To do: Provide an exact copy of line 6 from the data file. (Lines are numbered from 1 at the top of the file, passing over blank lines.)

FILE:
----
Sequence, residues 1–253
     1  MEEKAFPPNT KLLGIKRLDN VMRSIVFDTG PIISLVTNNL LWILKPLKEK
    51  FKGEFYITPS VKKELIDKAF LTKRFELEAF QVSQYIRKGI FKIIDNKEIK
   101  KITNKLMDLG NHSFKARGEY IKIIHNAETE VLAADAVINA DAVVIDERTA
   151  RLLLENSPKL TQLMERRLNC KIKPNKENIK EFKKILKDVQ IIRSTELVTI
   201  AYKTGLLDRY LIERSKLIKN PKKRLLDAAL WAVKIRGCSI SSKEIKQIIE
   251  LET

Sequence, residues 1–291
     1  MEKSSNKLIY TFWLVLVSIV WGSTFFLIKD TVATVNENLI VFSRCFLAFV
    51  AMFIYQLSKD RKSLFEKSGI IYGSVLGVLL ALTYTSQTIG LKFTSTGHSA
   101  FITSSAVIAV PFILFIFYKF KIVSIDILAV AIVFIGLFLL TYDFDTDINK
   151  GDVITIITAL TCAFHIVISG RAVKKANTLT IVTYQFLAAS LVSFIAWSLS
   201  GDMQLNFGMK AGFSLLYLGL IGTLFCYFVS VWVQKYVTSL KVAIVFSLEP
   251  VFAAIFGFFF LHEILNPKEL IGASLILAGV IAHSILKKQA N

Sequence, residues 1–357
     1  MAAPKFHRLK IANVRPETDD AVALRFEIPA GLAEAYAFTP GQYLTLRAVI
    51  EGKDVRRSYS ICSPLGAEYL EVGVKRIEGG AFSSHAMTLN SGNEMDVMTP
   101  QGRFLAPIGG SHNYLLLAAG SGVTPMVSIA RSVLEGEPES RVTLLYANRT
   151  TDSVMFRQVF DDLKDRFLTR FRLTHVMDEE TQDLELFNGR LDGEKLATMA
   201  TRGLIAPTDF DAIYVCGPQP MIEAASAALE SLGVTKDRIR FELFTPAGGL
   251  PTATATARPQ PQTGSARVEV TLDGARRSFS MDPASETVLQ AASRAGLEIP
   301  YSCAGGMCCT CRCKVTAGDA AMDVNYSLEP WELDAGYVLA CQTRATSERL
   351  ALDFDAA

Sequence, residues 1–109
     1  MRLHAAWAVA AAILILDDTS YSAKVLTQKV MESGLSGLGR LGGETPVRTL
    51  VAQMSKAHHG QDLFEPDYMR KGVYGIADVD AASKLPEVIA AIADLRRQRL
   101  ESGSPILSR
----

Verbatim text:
   201  AYKTGLLDRY LIERSKLIKN PKKRLLDAAL WAVKIRGCSI SSKEIKQIIE